Beckham law in Spain

The special tax regime known as Beckham Law, states that individuals who acquire their tax residence in Spain will be able to opt for taxation under the regulations for non tax residents during their first 6 years of tax residence in Spain (Even though they are considered residents).

This means that only income obtained in Spanish territory is taxed, with the peculiarity that all work income obtained by the taxpayer from the date of his arrival in Spain until the date of notification of his departure is subject to taxation. The applicable tax rate is 24% on the first 600,000 euros and 45% on income exceeding that limit.

In this article we will review every characteristic concerning Beckham Law. 

Beckham Law Spain 2021

Royal Decree 687/2005 is called the Beckham Law. This decree is a modification of the rewritten text of the Income Tax Law, in force between 2005 and 2007 and integrated in the decree 439/2007 still in force. It allows foreigners who move to Spain to work tax as non-residents. This means paying taxes at the fixed general rate of 19.5% after decree 9/2015.45 Bearing in mind that the maximum rate in Spain is 45% (article 101), this law primarily benefits very high incomes. Footballer David Beckham was one of the first to take advantage of the measure, which led to the law being popularly renamed the “Beckham Law”.

who can take advantage of the beckham law

You can only benefit from the Beckham Law if you have not been a tax resident in Spain during the 10 years prior to your migration to Spain and provided that your migration is the result of an employment contract with an employer in Spain, or in the event that your employer sends you to Spain.

Beckham Law will also apply if you become a director in a Spanish company, as long as you do not have a stake in the company, or your stake is less than 25%.

Taxation in Spain will be exclusively for income obtained in Spanish territory, including in any case work income obtained in any territory. By way of example, if the amount of earned income obtained in the financial year is equal to €250,000, taxation in Spain according to the autonomous community will be between 45% and 48%, however, with the special regime, taxation will be reduced to 24%.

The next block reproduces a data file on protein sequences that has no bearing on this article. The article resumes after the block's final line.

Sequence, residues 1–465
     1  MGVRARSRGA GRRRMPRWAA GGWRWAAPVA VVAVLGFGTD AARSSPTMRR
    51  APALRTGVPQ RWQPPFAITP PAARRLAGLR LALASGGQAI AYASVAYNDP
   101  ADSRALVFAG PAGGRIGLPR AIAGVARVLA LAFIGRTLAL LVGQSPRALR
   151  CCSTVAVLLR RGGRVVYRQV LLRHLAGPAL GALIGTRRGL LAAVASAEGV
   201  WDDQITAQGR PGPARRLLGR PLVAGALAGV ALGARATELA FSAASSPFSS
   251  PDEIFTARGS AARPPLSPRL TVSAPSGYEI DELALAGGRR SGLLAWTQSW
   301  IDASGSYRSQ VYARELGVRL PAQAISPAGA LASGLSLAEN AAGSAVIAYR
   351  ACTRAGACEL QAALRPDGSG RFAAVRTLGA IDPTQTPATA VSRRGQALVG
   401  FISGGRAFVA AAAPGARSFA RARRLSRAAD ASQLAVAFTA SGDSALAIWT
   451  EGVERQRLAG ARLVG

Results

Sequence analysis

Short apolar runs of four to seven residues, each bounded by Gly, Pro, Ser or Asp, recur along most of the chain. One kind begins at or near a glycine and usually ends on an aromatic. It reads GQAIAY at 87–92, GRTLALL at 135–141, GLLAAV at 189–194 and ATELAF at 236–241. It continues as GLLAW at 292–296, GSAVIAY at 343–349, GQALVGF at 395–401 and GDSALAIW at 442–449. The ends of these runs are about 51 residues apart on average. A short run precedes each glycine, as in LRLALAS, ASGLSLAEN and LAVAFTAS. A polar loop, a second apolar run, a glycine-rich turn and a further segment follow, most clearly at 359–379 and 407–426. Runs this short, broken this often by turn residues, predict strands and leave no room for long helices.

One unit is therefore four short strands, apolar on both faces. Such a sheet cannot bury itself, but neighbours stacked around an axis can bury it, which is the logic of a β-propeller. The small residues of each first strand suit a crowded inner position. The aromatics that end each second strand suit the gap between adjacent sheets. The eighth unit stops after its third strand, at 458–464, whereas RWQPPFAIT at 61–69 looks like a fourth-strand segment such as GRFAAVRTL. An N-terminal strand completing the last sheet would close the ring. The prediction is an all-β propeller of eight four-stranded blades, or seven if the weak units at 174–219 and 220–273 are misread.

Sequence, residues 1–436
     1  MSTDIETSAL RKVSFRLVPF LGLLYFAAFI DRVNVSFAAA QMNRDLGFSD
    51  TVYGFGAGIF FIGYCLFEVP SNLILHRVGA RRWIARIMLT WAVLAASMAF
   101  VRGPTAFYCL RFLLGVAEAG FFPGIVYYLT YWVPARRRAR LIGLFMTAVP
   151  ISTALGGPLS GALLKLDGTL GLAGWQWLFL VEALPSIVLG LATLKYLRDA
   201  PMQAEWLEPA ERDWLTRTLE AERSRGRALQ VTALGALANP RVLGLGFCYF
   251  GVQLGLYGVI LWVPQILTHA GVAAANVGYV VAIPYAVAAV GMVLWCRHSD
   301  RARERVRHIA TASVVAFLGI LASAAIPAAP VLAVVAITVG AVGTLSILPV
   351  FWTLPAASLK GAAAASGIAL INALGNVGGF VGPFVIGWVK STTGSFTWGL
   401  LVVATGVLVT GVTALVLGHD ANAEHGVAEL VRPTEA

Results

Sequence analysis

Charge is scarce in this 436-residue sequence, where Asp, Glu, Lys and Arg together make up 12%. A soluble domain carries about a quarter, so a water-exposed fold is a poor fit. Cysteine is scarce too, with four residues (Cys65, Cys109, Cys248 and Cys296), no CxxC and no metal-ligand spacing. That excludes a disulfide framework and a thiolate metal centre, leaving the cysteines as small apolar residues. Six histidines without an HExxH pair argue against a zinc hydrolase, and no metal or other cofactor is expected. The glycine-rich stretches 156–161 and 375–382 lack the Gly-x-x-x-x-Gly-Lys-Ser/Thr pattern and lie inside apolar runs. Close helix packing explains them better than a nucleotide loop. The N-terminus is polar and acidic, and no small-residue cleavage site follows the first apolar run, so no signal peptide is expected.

It is therefore obvious that the application of the previous regime may be of great relevance.

Taxes in Spain Before and After the Beckham Law

To get a better idea of how much this tax law will help you, let’s look at the situation of foreign nationals before it went into effect.

Before the Beckham Law

Prior to 2005, all foreigners who moved to Spain and stayed for more than 6 months (183 days) per year were considered tax residents.

When you become a citizen the following happens:

  • You begin paying income tax on your worldwide earned income when you turn 18. This includes money earned in Spain as well as money earned in every other region.
  • The exact percentage you pay is incremental, meaning it rises in step with your salary. It starts at 19 percent on the first level of income and rises to 45 percent once you earn over 60,000 euros.

Things changed dramatically after the Beckham legislation was implemented. Expats will now pay significantly less during their first six years in the country. They will also save money on taxes if they apply for this program, because:

  • If you spend more than 183 days in the country (and therefore become a tax resident), you will be subject to the same taxation rules as non-residents under the Beckham statute.This essentially means you only pay income tax on income earned in Spain.
  • Furthermore, rather than paying a progressive rate that rises as your income rises, you pay a flat rate of 24 percent up to a limit of 600,000 euros. If your income reaches the cap, you will be paid a flat rate of 45 percent.

As a result, the Beckham Law is unquestionably a significant tax benefit in terms of tax savings. This constant average of 24 percent is significantly lower than the Spanish rates, which can reach 45 percent for residents.

At MSR we are expert advisors on taxes in Spain. Contact us if you need advice!

8 thoughts on “Beckham law in Spain”

  1. Let’s say you move to Spain in January, you apply for Beckham, and in February you receive a cash bonus payment or stock payment for performance from your old employer which refers to the prior year (when you were not residing in Spain). Does this need to be declared in this year’s income declaration?

    Reply
  2. our daughter applied for residency in December 2020; this has still not gone through. She has been living in Spain since January and was supposed to relocate to Madrid office. The tax advisers in UK have told her that she is no longer eligible for the Beckham Law because she has been in Spain for 6 months. The immigration lawyer in Gibraltar tells her the six months only starts once she has a social security number. Which is correct?

    Reply
  3. Hi,
    I’m living in Spain and have been paying taxes according to the Beckham law for the last 3 years. I’m now having an offer on the table from a UK company that hasn’t got a Spanish subsidiary. If I accept this offer I understand I have to drop the tax benefits. How would this be handled when it comes to the declaracion de la renta in the following year? Would I have to pay lots of money back to the taxman given I change jobs and tax system before the end of the Spanish tax year?
    Many thanks in advance,
    Hubert

    Reply
    • Hi Hubert,

      one of our lawyers should be in contact with you shortly for your questions about Beckham Law.

      Greetings

      Reply

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